Faculty Spotlight: Paul Jackson, Postdoctoral Fellow

Paul Jackson is a postdoctoral fellow in the Department of Geography.  He investigates how scientists and experts grapple with the interaction between humans and the urban environment, focusing on those experts who presume that this interaction produces populations that are deficient, disadvantaged, and/or diseased.

He interrogates these relationships in a variety of time periods: 

  • how cholera and marshland was thought to make cities inherently unhealthy (1870s-1890s);
  • how religious pilgrims were blamed global pandemics (1890s-1920s);
  • how inner-city environments were feared to lower children's IQ (1950s-1960s); and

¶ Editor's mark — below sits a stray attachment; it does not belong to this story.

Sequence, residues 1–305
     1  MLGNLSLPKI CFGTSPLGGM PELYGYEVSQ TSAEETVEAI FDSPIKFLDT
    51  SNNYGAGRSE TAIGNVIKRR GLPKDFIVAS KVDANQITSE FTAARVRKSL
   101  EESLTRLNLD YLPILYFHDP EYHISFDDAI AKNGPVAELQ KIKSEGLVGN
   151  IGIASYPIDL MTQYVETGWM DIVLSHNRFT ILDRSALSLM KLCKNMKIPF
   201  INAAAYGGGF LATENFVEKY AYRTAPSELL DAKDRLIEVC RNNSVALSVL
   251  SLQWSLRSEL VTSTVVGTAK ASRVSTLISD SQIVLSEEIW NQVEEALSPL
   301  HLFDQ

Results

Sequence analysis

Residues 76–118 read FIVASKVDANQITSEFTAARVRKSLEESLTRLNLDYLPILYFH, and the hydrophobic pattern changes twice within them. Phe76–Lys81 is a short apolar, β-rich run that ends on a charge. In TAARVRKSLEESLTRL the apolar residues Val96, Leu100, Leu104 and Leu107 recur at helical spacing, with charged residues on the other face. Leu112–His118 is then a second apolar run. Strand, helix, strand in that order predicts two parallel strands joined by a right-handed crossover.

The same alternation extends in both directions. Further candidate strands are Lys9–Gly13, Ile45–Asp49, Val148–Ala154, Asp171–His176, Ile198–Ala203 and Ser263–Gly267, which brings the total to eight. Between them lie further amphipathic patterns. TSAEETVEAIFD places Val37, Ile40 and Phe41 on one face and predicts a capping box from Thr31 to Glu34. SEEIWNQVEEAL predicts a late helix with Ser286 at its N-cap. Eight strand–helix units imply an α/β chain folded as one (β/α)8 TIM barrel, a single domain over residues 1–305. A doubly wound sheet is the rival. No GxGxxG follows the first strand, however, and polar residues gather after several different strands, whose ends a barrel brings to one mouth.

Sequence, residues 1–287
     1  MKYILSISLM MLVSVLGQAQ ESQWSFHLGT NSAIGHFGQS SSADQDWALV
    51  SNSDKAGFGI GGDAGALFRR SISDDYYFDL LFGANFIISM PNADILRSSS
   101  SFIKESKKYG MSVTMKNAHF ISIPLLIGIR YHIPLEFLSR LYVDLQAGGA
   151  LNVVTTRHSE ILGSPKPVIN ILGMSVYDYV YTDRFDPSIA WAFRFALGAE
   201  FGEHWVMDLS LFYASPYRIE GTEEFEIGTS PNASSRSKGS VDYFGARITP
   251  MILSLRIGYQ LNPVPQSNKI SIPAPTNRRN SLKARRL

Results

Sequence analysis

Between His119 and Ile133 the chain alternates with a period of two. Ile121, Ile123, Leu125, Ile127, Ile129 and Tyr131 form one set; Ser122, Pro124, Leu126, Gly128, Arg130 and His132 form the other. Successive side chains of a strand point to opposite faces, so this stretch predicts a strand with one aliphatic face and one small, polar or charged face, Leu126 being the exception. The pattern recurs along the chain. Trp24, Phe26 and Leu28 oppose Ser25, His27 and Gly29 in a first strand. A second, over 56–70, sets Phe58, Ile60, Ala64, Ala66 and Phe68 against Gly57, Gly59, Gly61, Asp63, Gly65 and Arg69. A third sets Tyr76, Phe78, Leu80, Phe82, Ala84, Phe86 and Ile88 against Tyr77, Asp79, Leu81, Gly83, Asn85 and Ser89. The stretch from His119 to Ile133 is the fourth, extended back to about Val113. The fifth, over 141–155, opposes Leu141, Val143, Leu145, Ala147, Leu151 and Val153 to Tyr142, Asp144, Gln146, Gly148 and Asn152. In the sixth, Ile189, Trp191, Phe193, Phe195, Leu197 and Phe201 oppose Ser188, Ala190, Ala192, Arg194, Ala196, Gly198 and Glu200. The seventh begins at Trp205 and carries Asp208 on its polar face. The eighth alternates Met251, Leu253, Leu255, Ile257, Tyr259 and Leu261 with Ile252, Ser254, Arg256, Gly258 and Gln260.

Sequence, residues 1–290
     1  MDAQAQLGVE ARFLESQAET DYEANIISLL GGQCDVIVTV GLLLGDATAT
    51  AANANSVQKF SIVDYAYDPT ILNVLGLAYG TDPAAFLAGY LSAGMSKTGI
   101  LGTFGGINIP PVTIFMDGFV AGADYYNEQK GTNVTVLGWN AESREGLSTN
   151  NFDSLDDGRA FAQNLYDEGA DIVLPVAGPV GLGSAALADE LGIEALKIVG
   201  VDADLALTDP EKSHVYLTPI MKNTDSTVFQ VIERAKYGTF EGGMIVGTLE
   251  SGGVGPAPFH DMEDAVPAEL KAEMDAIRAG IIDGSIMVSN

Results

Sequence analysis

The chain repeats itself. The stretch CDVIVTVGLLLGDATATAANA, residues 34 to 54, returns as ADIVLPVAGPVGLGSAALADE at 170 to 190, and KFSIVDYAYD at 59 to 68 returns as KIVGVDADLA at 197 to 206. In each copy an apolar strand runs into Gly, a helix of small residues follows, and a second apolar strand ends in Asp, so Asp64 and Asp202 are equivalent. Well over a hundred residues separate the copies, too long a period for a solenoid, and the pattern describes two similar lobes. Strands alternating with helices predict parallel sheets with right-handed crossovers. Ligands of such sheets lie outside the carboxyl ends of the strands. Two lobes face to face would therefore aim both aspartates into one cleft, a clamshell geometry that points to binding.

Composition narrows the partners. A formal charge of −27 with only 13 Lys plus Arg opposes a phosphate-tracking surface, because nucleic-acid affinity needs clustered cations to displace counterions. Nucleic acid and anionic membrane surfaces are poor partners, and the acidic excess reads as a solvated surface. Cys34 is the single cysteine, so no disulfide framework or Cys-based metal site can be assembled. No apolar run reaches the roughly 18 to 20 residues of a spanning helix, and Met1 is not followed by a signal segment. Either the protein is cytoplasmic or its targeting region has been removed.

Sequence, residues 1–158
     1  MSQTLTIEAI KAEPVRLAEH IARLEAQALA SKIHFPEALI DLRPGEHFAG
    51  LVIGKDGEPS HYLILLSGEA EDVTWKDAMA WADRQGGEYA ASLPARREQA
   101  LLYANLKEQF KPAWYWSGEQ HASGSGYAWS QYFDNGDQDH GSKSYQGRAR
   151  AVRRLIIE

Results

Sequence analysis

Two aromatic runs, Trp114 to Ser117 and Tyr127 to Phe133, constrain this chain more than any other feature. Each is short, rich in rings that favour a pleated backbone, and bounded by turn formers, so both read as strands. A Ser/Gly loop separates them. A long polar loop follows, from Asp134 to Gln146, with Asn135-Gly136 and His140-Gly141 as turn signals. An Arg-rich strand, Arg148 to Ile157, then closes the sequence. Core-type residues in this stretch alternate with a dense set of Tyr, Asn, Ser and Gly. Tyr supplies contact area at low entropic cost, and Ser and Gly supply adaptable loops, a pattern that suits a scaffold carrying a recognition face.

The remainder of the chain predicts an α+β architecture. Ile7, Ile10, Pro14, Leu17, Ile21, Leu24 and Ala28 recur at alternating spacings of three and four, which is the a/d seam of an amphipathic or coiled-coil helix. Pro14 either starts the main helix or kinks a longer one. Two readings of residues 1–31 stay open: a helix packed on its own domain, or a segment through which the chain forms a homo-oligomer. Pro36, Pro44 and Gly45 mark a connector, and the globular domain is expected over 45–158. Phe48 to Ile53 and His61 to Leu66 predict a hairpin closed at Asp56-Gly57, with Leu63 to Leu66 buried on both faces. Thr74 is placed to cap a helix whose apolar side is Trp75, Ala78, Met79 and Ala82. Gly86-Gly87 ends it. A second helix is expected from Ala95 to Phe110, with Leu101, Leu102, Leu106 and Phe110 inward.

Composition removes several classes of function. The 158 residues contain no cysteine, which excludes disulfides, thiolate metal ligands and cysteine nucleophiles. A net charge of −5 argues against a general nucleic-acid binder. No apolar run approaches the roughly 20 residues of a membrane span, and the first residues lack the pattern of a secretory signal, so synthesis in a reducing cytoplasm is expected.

• how environmental toxins are suspected to be the cause of the autism epidemic (1990s-present). 

Paul's work has been published in Antipode and Cultural Geographies. He has taught courses on Toxic Geographies and Urbanization & the Environment. He also shares his office with an old codger named Alphie who barks at students and shamelessly begs for treats.